Maggie Wells, Staff Writer
Nothing makes neighbors more excited or anxious than a wild animal sighting on their property in Indian Valley.
In the past few weeks, residents have been talking outside the post offices and markets and online on social media about their wolf sightings.
Sometimes the information can be misleading —you read of a wolf kill and you think it’s next door when it’s in Oregon or another state.
By all accounts, sightings started to take place roughly a year ago, with much more frequency in the last few months and often more than one wolf at a time.
Here’s a sample list of recent sightings by locals of the Lassen Wolf Pack now taking up residence in the area.
Misty Banchio reported that six of the 55 students on her bus witnessed three wolves watching them at a bus stop. It was approximately 7 a.m. on the north side of North Arm Road.
Joyce VanFleet Wansgard identified a wolf by Cooks Creek Bridge on Friday, Jan. 19, at about 7 a.m., roughly the same time a calf was killed in the area. There was also a wolf sighting by multiple people the day before near Lights Creek Bridge.
Merri Schramel saw one on the morning of Jan. 6, around 8:30 a.m., at the edge of her horse pasture off Genesee Road.
Heather Kingdon and her granddaughter came across one while feeding their cows Dec. 28.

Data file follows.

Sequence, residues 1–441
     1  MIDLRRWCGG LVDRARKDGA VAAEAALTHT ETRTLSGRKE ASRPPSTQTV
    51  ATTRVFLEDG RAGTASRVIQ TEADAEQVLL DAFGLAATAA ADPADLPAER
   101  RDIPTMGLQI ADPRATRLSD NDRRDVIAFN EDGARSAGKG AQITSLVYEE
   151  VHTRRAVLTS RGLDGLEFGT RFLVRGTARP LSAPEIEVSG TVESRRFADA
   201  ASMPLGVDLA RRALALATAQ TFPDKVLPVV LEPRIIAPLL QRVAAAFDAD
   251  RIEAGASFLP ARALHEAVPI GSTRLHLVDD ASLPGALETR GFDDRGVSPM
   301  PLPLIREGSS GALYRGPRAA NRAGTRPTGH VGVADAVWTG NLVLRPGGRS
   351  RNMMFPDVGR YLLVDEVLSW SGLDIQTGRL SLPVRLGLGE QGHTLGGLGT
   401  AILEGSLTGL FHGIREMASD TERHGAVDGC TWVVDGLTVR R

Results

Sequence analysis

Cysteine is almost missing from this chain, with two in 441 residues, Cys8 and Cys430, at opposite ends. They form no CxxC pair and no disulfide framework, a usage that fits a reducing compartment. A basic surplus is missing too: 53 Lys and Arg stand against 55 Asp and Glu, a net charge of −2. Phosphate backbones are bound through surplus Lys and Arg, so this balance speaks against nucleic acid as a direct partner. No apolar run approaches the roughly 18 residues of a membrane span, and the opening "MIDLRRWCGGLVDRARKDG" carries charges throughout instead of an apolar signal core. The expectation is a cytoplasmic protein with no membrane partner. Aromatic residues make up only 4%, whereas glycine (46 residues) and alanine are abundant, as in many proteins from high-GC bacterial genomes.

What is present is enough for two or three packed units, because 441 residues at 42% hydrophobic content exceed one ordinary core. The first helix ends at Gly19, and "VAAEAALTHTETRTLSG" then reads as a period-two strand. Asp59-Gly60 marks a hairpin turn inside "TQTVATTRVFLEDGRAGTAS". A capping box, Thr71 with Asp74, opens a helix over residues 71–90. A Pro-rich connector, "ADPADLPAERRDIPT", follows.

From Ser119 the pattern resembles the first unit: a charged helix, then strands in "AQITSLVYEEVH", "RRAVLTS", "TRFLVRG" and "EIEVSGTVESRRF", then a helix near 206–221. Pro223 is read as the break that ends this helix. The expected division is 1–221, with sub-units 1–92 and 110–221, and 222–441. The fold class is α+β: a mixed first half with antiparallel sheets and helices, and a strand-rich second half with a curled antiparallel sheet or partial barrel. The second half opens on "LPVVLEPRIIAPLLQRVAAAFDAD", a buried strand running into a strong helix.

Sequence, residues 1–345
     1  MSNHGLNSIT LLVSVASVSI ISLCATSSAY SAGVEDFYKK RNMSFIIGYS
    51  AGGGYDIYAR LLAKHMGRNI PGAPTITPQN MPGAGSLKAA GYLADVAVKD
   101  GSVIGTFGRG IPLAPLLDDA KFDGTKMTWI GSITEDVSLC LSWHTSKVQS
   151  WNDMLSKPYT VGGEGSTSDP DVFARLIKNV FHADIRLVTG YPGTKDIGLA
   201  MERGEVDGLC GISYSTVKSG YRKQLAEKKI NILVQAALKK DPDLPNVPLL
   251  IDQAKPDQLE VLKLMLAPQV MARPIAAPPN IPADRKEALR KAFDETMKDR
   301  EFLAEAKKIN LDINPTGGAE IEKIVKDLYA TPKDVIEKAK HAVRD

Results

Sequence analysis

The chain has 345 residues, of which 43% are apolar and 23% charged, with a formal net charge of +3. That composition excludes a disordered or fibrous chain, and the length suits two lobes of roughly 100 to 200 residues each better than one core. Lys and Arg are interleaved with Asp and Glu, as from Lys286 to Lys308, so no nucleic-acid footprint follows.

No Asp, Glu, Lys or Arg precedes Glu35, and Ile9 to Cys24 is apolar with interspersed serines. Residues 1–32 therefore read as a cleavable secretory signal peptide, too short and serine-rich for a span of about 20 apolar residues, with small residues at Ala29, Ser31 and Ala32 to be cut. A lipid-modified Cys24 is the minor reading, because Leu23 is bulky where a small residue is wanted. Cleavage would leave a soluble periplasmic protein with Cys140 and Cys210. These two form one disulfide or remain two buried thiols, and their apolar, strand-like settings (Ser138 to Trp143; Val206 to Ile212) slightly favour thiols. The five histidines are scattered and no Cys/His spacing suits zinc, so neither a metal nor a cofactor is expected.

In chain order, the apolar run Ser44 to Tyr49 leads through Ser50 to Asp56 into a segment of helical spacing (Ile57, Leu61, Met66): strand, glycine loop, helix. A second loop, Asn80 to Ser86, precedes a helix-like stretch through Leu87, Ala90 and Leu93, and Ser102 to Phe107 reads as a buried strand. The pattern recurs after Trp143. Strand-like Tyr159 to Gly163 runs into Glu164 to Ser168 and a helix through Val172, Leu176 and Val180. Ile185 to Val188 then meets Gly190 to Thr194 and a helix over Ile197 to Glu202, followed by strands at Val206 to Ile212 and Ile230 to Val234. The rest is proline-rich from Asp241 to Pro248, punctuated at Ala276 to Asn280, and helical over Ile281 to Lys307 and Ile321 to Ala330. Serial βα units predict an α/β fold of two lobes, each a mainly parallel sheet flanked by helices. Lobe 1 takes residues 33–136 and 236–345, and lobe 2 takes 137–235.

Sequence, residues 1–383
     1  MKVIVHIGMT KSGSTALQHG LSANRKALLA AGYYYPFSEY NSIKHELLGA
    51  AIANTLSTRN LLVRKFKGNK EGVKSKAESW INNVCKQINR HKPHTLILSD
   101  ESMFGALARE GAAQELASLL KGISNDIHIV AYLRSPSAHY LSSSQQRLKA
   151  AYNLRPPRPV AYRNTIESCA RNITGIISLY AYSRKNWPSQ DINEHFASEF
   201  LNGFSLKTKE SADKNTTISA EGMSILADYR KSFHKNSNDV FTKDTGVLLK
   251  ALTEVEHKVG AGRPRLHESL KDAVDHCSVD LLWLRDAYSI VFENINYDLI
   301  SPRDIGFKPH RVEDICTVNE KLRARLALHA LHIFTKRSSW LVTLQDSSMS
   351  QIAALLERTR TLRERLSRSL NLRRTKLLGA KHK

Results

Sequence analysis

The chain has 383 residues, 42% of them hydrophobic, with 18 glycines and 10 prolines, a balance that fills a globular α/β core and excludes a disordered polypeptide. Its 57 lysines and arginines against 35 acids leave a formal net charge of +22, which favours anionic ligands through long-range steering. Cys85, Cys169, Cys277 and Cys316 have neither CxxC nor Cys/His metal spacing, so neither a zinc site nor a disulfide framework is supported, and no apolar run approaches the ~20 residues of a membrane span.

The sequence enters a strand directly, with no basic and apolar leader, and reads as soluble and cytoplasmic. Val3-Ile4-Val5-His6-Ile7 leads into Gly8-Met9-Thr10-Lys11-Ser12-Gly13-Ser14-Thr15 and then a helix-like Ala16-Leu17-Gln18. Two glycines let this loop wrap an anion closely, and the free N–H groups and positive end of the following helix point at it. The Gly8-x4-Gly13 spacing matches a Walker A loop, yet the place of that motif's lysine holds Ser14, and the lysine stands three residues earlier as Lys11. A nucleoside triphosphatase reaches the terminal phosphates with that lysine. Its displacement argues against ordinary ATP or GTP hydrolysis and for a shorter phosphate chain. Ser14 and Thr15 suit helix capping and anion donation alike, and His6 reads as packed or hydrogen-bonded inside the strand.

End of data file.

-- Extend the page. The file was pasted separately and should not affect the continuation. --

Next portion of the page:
The Thursday before Christmas, Valerie and Randy Pew spotted one on Arlington Road by the Kearns’ driveway.
Most sightings have been in the early morning and spread from the Genesee area to Arlington Road; North Arm to Diamond Mountain Road.
How can you tell a wolf from a coyote, which have also been sighted? The gray wolf is going to be bigger for one thing — ranging from 70 to 150 pounds, with a gray coat, but can be black, white or cream. Its ears are shorter and rounder than a coyote’s, with a larger nose pad and a blockier and broader physique. It’s about 2 feet longer than a coyote on average, too. Young wolves are difficult to tell apart from coyotes.
The California Department of Fish and Wildlife on its website reiterates that instances of “wolves attacking or killing humans is extremely rare.”
The CDFW’s website has a page titled “Gray Wolf Sighting Report” where Indian Valley residents can submit a description of their sightings and upload any photos. It also encourages the reporting of any killed animals immediately to 225-2300 or firstname.lastname@example.org.